- Los Angeles Mayor Eric Garcetti has proposed a program of mandatory retrofits to make steel buildings, daycare centers and private schools more resilient to earthquakes, according to the Los Angeles Times. The program would also include buildings that contain private schools and daycare centers, not typically regulated for earthquake safety like public schools.
- The recommendations come after the city's recently published Resilient Los Angeles report said steel buildings constructed from the early 1970s through 1994 were susceptible to earthquake damage because of welding techniques, the inspection process, the filler metal used in the welds and the configuration of the connection between vertical columns and horizontal beams.
- According to a U.S. Geological Survey study, there are five steel buildings in Southern California that could collapse in a major earthquake, potentially causing hundreds of deaths and injuries. The Resilient Los Angeles report also advocates for stronger minimum earthquake standards for all new construction.
Earthquakes are inevitable in Southern California, but stricter building codes and new resilient construction methods can help prevent deaths and injuries and minimize damage to structures.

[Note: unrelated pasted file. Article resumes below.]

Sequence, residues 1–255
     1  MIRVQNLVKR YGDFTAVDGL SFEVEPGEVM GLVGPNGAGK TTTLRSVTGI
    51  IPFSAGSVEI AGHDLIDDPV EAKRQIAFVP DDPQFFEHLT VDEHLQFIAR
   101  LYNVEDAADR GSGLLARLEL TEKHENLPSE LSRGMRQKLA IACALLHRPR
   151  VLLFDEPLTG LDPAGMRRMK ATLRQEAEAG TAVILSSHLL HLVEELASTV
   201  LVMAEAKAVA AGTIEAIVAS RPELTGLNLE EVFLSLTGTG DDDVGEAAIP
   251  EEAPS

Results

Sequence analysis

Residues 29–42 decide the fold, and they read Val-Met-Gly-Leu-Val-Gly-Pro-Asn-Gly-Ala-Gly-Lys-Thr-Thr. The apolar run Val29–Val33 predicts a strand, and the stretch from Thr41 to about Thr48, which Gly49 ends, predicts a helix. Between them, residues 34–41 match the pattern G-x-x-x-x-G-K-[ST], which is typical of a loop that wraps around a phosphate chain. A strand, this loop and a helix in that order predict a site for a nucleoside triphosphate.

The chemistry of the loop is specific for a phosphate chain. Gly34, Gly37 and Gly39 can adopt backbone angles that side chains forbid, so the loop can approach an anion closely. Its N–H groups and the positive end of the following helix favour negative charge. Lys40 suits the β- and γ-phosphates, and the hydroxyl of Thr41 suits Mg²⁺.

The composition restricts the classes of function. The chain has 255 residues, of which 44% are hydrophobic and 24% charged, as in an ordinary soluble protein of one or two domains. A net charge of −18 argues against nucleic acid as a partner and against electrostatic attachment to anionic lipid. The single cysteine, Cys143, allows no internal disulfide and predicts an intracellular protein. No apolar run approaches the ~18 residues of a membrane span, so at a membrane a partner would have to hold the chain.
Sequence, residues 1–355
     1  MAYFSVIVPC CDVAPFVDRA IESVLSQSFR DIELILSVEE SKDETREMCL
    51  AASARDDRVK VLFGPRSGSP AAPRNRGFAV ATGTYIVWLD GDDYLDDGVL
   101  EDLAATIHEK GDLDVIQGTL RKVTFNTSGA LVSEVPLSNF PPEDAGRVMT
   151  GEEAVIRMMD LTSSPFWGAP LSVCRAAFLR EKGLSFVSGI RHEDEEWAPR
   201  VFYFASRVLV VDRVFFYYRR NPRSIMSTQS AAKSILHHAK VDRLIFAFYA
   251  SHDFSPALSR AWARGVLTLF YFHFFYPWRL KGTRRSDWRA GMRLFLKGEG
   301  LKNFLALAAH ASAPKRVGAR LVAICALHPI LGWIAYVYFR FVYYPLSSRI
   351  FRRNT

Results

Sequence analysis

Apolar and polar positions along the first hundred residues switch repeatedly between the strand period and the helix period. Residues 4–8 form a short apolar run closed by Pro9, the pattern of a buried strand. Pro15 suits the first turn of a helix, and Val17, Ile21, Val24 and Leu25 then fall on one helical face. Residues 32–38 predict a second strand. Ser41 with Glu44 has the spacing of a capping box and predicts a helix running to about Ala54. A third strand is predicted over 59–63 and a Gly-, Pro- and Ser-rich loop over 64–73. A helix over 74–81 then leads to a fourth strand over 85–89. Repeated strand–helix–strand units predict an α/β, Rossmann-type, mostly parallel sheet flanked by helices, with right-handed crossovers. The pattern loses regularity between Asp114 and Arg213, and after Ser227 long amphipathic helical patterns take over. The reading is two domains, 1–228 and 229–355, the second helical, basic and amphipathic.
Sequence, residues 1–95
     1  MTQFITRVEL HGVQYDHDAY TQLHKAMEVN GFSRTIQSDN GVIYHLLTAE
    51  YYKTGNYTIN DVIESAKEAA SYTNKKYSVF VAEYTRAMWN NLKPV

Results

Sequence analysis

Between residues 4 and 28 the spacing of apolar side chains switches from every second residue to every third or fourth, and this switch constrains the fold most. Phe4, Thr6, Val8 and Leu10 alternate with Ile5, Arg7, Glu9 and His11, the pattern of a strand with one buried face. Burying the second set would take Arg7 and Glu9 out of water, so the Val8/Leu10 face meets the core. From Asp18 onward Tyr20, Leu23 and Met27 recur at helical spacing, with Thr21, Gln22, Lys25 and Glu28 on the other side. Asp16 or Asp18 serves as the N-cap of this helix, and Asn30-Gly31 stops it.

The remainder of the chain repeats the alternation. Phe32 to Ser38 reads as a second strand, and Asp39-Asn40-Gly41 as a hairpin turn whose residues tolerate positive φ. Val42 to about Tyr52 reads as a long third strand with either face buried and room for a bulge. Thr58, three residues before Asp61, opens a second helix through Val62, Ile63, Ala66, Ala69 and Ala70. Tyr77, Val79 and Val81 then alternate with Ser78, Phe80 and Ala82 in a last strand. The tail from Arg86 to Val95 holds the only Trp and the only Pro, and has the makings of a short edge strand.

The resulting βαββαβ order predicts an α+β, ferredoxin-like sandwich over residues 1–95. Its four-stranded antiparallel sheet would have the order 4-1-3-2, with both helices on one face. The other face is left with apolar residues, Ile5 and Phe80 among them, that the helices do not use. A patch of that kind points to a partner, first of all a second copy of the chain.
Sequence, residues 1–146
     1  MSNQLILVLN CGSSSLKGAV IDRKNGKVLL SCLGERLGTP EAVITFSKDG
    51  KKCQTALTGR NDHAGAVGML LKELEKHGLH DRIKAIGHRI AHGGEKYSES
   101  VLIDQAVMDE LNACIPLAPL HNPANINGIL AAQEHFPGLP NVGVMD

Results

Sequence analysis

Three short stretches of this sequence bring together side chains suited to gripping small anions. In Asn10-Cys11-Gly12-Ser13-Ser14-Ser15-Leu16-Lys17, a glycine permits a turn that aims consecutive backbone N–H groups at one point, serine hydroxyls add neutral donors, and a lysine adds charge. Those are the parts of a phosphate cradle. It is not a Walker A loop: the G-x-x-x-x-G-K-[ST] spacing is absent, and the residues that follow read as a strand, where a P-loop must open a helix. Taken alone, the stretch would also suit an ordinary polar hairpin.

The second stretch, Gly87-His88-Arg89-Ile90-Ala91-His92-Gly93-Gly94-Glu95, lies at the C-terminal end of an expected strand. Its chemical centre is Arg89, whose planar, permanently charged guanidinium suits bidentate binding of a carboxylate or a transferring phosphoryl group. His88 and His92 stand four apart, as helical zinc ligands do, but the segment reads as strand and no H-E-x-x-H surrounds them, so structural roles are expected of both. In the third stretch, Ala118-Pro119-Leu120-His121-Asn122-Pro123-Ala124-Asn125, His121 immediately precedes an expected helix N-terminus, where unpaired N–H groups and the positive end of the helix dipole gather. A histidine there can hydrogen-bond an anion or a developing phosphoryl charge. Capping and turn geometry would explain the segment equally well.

Los Angeles has a retrofit program underway that requires some brick, concrete and wood structures be shored up to protect them from the effects of seismic activity. There are approximately 13,500 wood buildings and 1,500 concrete or masonry structures that fall under the new program, and officials estimate the total cost of the work will range from $60,000 to millions.
The Los Angeles Department of Building and Safety began sending preliminary notices to the affected property owners in November in an effort to make them aware of their obligations under the new regulations. About 3,000 property owners have started to retrofit their buildings, and 300 have completed the necessary work. Others have sold their buildings in order to avoid the expense.
California hospitals also must retrofit their facilities to meet new state seismic regulations, and some of begun that work. Scripps Health last year announced a $2.6 billion construction program that includes the required retrofitting.
For new construction, building techniques and materials are being developed that are resulting in stronger buildings. For example, construction is underway in Seattle on the first skyscraper to feature a rebar-free concrete core. The cross-tied plates in the coupled steel-plate composite shear wall will be filled with concrete in order to increase earthquake resistance. The $370 million structure also will be more resistant to lateral wind loads, according to Engineering News-Record.